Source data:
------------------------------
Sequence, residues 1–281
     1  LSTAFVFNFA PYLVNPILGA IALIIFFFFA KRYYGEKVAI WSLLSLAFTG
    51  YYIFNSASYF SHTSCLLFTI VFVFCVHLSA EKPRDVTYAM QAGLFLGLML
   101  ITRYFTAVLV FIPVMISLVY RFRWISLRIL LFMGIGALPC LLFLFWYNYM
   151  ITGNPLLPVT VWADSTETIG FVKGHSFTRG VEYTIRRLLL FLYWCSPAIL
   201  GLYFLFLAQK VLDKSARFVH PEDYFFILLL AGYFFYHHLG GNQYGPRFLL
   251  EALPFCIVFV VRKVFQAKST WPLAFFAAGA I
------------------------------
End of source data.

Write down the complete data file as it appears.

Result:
Sequence, residues 1–281
     1  LSTAFVFNFA PYLVNPILGA IALIIFFFFA KRYYGEKVAI WSLLSLAFTG
    51  YYIFNSASYF SHTSCLLFTI VFVFCVHLSA EKPRDVTYAM QAGLFLGLML
   101  ITRYFTAVLV FIPVMISLVY RFRWISLRIL LFMGIGALPC LLFLFWYNYM
   151  ITGNPLLPVT VWADSTETIG FVKGHSFTRG VEYTIRRLLL FLYWCSPAIL
   201  GLYFLFLAQK VLDKSARFVH PEDYFFILLL AGYFFYHHLG GNQYGPRFLL
   251  EALPFCIVFV VRKVFQAKST WPLAFFAAGA I